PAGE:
Premaxilla with two tooth rows. Outer row with 3 (2), 4* (21) tricuspid teeth, with central cuspid developed. Inner row with 5 teeth gently expanded distally, slightly compressed at distal tips. Symphysial tooth narrower and deeper, with 4 or 5 cusps. Second, third and fourth teeth with 5 cusps. Fifth tooth smaller, with 4 cusps. In all teeth central cusp slightly larger than remaining ones. Dentary with 7 teeth. First four anterior teeth larger, usually with 5 cusps, followed by 3 very smaller tricuspid teeth (Fig. 4).

Dorsal-fin rays ii, 9. Posterior margin of dorsal-fin straight. Dorsal-fin origin approximately at middle of SL. Pelvic-fin rays i, 7. Pelvic-fin origin located slightly anterior to vertical through dorsal-fin origin. Pectoral-fin rays 11 (3), 12 (14), 13* (13). Anal-fin with iii-iv, 15 (1), 16 (5), 17* (16), 18 (7), 20 (1) rays. Adiposefin located approximately at vertical through insertion of base of last anal-fin rays. Caudal-fin forked, lobes similar in size, slightly rounded, and with 19 principal rays.

Lateral line complete, with 37 (1), 38 (6), 39* (16), 40 (6), 42 (1) perforated scales. Six series of scales between dorsal-fin origin and lateral line. Four or five series of scales between lateral line and pelvic-fin insertion. Circumpeduncular scales 14* (4), 15 (7), 16 (19).

In three cleared and stained specimens procurrent caudal-fin rays 8 or 10 dorsal and ventral. First gill arch with 19 gill rakers (7 epibranchial, 9 ceratobranchial, 1 on cartilage between epibranchial and ceratobranchial, and 2 hypobranchial), vertebrae 36, 37 or 38 (18 precaudal and 18, 19 or 20 caudal). Supraneurals 5.

Color in alcohol. Preserved specimens with dorsal and lateral parts of the body medium brown to pale yellowish. Dark chromatophores concentrated on middorsal surface of head and body. Humeral spot narrow and vertically elongated, two scales wide above lateral line. Body with black, pigmented, midlateral stripe extending from humeral region to the median caudal-fin rays. The anterior portion of the stripe expanded, sometimes forming a faint second humeral spot, more clearly visible in smaller specimens (Fig. 3). Fins with scattered dark chromatophores.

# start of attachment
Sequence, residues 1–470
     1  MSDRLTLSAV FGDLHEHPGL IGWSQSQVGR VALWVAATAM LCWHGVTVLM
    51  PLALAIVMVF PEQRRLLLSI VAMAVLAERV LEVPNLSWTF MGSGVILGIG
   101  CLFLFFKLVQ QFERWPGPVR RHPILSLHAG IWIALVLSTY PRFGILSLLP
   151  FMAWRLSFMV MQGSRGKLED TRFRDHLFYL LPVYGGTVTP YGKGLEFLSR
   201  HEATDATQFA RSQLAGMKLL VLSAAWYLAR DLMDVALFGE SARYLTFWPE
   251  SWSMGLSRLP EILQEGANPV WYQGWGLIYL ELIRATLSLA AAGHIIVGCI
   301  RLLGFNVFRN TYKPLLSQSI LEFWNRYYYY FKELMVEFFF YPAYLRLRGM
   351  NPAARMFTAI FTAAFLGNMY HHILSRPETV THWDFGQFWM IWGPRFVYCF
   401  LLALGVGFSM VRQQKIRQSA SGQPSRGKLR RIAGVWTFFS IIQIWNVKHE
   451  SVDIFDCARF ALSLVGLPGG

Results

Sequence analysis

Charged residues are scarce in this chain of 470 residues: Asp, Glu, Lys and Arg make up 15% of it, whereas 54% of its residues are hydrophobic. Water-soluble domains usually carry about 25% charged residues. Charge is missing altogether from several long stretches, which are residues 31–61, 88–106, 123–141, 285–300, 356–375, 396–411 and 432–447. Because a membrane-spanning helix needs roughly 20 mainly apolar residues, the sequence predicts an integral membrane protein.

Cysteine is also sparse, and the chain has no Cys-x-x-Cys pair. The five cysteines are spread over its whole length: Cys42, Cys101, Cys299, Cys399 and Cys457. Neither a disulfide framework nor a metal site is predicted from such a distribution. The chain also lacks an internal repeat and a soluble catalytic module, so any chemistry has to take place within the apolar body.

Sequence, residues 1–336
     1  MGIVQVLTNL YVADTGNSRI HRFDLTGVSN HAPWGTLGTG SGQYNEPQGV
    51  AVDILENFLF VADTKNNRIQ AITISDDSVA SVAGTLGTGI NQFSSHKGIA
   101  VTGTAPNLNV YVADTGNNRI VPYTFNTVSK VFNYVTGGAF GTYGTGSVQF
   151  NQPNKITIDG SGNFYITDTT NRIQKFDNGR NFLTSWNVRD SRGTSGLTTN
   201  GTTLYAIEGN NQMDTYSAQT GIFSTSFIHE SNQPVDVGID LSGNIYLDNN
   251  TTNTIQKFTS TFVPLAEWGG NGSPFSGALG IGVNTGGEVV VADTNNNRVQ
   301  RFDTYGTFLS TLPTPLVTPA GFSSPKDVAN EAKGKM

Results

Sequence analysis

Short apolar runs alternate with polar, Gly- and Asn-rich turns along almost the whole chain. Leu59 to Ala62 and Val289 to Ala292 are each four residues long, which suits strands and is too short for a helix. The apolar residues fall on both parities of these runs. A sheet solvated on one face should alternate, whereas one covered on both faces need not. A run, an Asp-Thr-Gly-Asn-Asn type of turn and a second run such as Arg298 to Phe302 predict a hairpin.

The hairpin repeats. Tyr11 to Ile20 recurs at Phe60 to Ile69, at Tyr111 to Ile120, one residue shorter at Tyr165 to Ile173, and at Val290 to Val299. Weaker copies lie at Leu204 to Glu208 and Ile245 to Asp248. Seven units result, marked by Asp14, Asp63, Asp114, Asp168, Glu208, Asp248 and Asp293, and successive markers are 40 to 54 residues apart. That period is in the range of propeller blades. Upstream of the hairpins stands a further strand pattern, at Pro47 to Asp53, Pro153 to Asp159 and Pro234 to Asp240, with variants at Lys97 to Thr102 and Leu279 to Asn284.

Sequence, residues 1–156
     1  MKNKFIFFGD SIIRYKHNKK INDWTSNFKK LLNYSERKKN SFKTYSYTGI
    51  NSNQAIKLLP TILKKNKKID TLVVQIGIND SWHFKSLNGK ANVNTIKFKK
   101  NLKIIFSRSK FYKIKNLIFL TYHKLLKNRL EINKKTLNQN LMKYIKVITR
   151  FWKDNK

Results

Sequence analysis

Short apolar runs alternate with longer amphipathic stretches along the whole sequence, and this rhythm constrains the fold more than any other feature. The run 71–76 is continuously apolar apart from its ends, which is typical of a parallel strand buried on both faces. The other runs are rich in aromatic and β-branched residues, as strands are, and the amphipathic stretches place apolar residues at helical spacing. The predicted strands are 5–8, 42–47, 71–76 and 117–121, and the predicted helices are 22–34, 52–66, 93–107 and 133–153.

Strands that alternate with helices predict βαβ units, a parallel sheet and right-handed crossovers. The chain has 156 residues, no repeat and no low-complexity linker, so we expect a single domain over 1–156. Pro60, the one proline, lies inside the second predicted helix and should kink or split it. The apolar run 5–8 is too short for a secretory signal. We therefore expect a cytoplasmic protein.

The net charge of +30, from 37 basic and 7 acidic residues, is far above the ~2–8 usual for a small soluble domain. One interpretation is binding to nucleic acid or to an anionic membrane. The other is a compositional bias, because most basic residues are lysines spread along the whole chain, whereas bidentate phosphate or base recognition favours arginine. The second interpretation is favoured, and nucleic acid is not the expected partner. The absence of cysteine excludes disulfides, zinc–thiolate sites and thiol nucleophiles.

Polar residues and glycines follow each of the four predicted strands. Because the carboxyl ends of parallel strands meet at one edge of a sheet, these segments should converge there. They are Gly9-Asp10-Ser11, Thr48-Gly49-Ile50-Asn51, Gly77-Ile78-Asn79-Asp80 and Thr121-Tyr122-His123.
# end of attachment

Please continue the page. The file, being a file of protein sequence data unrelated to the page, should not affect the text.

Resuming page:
Sexual dimorphism. None of the specimens examined have bony hooks on the fins or any other sexually dimorphic feature.

Etymology. The species name, varzeae, is in reference to the sample locality, rio da Várzea drainage, a tributary of the upper rio Iguaçu basin.

Distribution. Astyanax varzeae  ZBK  is known only from the rio da Várzea headwaters, an affluent of rio Negro, a tributary of the upper portions of the rio Iguaçu in Paraná State, Brazil.

Ecological notes. Astyanax varzeae  ZBK  was collected in a headwater stream with clear water, light to moderate current water and bottom with stones, sand and moderate amount of vegetal debris.


Despite the fact that the Iguaçu River is a large tributary of the Parana River, many fishes that occur in rio Paraná basin are not found in rio Iguaçu basin. In fact, the fish fauna of this hydrographic basin has a unique evolutionary history, and the endemism of its ichthyofauna is probably related with the geographic isolation imposed by the Iguaçu falls (Severi & Cordeiro 1994; Garavello et al. 1997).

Furthermore, recent collecting efforts in the upper rio Iguaçu basin showed that the biogeographic history of the ichthyofauna in that watershed is likely to be more complex than described herein. The fish fauna of the upper rio Iguaçu basin, for example, consists mostly of species that does not occur in the lower portions of the river, and also components endemic to the coastal drainage.

The characterization of the upper reaches of the rio Iguaçu basin as an area of endemism was already proposed by Abilhoa (2004) and Ingenito et al. (2004), who subdivided the upper rio Iguaçu basin in two portions: rio Negro basin and rio Iguaçu headwaters. These authors listed several species with their geographic distribution restricted in each region ( Pareiorhaphis parmula  ZBK  , Astyanax totae  ZBK  , Ancistrus  ZBK  sp., Rineloricaria  ZBK  sp., Heptapterus stwearti  , Trichomycterus naipi  ZBK  , Cnesterodon carnegiei  ZBK  , and Jenynsia eigenmanni  ). The identification of a new species of Astyanax  ZBK  endemic to one portion of the upper Iguaçu river basin supports that hypothesis.